Largest angle of a triangle

Triangle *A**B**C* has side lengths *a*,*b* and *c*. If these lengths satisfy *a^*2=*a*+2*b*+2*c* and −3=*a*+2*b*−2*c*, what is the measure (in degrees) of the largest angle?

I applied a bit of cosine rule and sine rule, but all it gave was nasty equations in angles of the triangle.

Re: Largest angle of a triangle

If it helps... the largest angle is opposite the largest side.

Re: Largest angle of a triangle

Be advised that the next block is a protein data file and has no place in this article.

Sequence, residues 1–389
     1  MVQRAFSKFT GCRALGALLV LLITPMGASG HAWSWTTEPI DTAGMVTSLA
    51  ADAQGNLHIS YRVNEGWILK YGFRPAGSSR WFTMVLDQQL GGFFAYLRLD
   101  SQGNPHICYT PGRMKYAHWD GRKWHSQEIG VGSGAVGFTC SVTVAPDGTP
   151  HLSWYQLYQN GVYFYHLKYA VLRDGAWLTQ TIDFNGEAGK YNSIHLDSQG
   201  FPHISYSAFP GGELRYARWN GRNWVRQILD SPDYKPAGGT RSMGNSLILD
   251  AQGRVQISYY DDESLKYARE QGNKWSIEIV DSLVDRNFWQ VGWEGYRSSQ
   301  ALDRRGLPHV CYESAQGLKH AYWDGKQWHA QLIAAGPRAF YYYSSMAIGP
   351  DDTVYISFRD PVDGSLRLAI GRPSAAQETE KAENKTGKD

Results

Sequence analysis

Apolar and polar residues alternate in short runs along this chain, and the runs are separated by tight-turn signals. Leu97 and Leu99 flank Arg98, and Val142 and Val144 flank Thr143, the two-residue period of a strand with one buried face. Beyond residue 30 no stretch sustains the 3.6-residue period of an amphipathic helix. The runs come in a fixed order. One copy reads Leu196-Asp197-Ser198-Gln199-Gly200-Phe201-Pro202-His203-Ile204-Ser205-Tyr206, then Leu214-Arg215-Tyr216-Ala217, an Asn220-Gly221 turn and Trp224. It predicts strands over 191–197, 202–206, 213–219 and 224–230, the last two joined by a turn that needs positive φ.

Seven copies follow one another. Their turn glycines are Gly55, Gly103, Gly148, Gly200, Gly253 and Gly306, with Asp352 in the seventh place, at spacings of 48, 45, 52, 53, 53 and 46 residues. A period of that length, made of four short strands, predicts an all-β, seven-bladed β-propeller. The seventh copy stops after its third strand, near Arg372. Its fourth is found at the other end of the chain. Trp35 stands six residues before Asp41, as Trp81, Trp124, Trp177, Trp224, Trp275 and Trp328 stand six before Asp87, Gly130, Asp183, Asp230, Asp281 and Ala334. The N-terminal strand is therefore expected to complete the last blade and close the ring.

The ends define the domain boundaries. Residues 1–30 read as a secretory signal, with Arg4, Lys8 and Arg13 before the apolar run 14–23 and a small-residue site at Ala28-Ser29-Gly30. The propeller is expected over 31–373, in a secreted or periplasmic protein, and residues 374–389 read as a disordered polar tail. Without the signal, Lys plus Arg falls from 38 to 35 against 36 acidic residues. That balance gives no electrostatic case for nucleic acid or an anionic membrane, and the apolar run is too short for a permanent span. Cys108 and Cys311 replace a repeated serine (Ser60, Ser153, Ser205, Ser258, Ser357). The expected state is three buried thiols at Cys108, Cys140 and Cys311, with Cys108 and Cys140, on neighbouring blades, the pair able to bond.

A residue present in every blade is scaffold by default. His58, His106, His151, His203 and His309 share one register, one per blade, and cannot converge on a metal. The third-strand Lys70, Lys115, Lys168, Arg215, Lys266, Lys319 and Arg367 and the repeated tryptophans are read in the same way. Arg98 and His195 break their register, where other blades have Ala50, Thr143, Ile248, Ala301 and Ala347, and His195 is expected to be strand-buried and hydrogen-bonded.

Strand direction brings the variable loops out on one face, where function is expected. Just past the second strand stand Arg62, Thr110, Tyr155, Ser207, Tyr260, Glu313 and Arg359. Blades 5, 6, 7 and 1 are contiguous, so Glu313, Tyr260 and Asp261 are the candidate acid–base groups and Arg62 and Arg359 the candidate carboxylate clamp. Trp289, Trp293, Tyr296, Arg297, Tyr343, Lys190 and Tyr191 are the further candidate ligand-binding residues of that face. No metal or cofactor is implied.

There must be a unique triplet of numbers a b c that satisfies those two equations. By trial and error, I'm pretty sure I found it.

a=5 b=3 c=7

From that it's easy to find the measure of the largest angle using the law of cosines.

So far I can't solve those equations systematically though.

Re: Largest angle of a triangle

Adding the two equations you get a^2 - 3 = 2a +4b. At a = 3, b becomes zero. So a must be greater than 3.

At a = 4 , b = 5/4 . If you put this value in the first equation, you get negative c which is not possible.

At a = 5, b= 3 and c = 7.